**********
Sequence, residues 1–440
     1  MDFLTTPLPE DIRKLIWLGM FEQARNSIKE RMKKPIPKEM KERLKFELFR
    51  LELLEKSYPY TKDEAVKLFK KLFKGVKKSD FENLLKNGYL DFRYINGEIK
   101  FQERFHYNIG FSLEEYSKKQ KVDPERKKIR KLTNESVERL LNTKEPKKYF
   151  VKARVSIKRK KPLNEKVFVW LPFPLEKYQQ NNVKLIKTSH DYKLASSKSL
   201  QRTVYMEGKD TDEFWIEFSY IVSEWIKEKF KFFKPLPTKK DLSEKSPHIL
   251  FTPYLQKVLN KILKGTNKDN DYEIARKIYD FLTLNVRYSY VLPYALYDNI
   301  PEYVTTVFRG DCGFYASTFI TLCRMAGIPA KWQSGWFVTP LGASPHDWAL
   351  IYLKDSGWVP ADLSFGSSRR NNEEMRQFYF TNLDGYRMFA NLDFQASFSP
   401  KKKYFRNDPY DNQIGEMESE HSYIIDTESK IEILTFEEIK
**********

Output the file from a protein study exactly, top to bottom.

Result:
Sequence, residues 1–440
     1  MDFLTTPLPE DIRKLIWLGM FEQARNSIKE RMKKPIPKEM KERLKFELFR
    51  LELLEKSYPY TKDEAVKLFK KLFKGVKKSD FENLLKNGYL DFRYINGEIK
   101  FQERFHYNIG FSLEEYSKKQ KVDPERKKIR KLTNESVERL LNTKEPKKYF
   151  VKARVSIKRK KPLNEKVFVW LPFPLEKYQQ NNVKLIKTSH DYKLASSKSL
   201  QRTVYMEGKD TDEFWIEFSY IVSEWIKEKF KFFKPLPTKK DLSEKSPHIL
   251  FTPYLQKVLN KILKGTNKDN DYEIARKIYD FLTLNVRYSY VLPYALYDNI
   301  PEYVTTVFRG DCGFYASTFI TLCRMAGIPA KWQSGWFVTP LGASPHDWAL
   351  IYLKDSGWVP ADLSFGSSRR NNEEMRQFYF TNLDGYRMFA NLDFQASFSP
   401  KKKYFRNDPY DNQIGEMESE HSYIIDTESK IEILTFEEIK